So why would there be a difference in how they behave under parity transformation? I guess the only answer left is that p and m are fundamentally different, the question is why...
  14. Mar 1, 2007 #13
    The fundamental difference between [tex]\vec{p}[/tex] and [tex]\vec{m}[/tex] is that [tex]\vec{m}[/tex] is the result of a current loop and, thus, has uses a cross-product to define the direction perpendicular to it, while [tex]\vec{p}[/tex] comes from a physical separation of two electric charges and, hence needs no cross-product to define the direction along the dipole.
  15. Mar 1, 2007 #14
    But that's a circular argument :confused:

    - Why is B a pseudovector?
    - Beacue it is a cross product.
    - What if a magnetic monopole exists?
    - Then it acts like half a dipole and therefore a pseudoscalar.
    - But there's no fundamental difference between E dipole and B dipole
    - Yes there is, m is a cross product (because it is made out of currents) and p is not.

    Again, if magnetic monopoles exist, their current will produce an electric dipole field. And then your argument could be applied to ordinary electric charges being pseudoscalars.
  16. Mar 1, 2007 #15


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    Has the asymmetry between E and M got anything to do with negative and positive energy solutions ? The invariant of the EM field E^2-B^2 looks like energy but does the minus imply negative energy for B ?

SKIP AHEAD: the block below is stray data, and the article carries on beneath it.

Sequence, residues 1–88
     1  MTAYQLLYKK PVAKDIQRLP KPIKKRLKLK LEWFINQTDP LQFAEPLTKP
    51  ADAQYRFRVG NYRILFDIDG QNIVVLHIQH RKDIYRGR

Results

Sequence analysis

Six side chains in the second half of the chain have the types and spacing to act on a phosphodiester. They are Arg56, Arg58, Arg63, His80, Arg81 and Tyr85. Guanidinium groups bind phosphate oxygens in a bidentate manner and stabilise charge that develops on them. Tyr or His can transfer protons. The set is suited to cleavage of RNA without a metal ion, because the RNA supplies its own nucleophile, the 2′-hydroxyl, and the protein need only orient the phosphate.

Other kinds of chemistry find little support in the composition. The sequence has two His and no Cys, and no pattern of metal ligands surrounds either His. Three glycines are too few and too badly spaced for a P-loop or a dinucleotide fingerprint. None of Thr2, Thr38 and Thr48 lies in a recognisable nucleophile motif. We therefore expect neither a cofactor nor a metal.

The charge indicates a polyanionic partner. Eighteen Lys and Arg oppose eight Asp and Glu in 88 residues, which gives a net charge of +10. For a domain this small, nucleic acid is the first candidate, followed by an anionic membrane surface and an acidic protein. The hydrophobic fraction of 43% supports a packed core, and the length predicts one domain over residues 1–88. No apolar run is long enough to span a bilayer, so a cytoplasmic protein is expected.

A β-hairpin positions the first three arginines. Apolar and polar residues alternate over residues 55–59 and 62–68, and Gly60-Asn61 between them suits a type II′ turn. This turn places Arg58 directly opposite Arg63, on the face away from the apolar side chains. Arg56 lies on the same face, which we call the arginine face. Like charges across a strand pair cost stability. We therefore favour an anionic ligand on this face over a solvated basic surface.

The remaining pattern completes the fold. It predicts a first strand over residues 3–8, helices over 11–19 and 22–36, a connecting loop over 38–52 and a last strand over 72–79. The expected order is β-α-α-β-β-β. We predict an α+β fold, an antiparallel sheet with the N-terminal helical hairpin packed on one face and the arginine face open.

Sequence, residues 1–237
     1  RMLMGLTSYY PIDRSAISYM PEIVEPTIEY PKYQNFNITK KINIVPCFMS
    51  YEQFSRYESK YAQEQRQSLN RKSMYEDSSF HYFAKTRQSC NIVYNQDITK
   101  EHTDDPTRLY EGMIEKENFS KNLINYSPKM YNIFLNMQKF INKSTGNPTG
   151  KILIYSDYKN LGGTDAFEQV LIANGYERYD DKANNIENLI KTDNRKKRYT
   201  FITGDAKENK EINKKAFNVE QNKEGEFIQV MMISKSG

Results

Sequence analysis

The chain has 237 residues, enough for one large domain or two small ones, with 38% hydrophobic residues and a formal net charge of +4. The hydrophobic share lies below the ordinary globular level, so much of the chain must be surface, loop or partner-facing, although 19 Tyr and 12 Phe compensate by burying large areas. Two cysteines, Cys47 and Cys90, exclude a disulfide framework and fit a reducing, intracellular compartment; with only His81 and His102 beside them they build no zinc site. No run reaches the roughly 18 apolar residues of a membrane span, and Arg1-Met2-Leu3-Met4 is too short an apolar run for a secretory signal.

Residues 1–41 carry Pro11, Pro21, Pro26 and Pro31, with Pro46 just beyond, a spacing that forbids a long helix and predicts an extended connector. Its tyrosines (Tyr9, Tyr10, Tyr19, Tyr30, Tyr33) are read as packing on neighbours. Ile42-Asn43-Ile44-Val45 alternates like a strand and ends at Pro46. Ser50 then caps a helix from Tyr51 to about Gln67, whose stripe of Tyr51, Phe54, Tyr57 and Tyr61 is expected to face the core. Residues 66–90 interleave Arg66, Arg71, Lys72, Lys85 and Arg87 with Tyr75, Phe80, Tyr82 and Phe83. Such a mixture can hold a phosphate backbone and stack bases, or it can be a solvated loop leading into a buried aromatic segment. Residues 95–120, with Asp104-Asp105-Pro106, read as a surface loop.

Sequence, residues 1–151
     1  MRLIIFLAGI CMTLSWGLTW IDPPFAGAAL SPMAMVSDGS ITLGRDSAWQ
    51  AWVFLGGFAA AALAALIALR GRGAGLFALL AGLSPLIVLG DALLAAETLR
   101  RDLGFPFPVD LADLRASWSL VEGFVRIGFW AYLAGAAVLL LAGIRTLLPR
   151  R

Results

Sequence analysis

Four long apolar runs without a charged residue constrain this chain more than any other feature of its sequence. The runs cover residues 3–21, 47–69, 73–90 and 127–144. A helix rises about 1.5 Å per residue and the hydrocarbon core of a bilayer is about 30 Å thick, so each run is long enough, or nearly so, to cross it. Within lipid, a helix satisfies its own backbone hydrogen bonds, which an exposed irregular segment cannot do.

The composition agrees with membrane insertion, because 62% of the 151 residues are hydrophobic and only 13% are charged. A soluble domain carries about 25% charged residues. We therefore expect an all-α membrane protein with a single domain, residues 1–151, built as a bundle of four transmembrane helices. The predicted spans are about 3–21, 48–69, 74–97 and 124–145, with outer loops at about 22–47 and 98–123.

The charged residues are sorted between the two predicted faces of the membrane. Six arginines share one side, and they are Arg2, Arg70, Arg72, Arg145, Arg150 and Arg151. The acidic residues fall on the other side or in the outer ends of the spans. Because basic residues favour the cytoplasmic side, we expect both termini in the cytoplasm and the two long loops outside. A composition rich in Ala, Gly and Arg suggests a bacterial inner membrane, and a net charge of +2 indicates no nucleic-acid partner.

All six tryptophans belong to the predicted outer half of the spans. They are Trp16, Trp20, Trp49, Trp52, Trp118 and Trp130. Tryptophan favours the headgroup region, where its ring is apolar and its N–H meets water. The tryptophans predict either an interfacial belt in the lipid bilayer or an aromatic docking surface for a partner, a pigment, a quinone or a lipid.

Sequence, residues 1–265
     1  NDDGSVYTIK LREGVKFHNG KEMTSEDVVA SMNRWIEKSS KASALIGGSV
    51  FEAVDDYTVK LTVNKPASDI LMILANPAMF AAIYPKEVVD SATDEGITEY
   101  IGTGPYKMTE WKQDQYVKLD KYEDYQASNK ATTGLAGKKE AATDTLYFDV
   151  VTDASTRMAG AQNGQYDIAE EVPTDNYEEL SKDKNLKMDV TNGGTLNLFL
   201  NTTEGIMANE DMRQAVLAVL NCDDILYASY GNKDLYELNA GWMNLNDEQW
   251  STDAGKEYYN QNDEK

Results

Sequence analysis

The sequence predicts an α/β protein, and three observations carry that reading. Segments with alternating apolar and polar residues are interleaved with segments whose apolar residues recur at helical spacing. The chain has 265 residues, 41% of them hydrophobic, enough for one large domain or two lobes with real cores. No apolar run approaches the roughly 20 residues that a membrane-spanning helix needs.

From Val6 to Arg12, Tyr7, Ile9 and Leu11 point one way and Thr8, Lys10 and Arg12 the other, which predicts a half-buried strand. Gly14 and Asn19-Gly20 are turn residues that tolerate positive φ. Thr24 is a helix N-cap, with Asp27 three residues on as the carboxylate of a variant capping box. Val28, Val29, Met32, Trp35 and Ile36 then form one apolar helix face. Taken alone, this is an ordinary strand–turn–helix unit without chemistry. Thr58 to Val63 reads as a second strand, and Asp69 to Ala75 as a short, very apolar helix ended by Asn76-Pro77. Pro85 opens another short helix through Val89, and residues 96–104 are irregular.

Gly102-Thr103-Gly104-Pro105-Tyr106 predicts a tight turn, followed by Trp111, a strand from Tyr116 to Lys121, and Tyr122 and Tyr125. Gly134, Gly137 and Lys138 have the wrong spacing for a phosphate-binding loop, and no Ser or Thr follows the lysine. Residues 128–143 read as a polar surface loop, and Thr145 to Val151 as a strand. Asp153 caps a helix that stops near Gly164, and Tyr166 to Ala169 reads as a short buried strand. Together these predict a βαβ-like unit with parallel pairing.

Dirac is unambiguous in stating that the longitudinal magnetic component of the field has negative energy.
  17. Mar 1, 2007 #16
    The argument is not at all circular. It relies on the empirical knowledge that electric charge in a scalar quantity, making a current of electric charges a polar vector. The magnetization (and, hence, the magnetic field it generates) of a physical magnetic dipole involves the cross-product between this current and the position vector, making it a pseudovector. The statement about the poles switching under parity follows from this. A magnetic monopole is effectively defined to be a particle that acts like a lone pole of a magnetic dipole. So, it's sign must change under parity, making a monopole current a pseudovector.
  18. Mar 2, 2007 #17
    Yes, you were right about the magnetization m (that we know from our daily lives, which is produced by currents only) being a cross product. But I'm still not convinced that if magnetic monopoles exist, they act like a single pole. I don't see why they shouldn't be exactly symmetric to electric charges. Maybe there is a reason to it, I want to know what it is (or just that it exists if it's too complicated).

    How can one observe something being a scalar rather than a pseudoscalar?
    Can one do improper rotations "for real" and see what happens?
    Last edited: Mar 2, 2007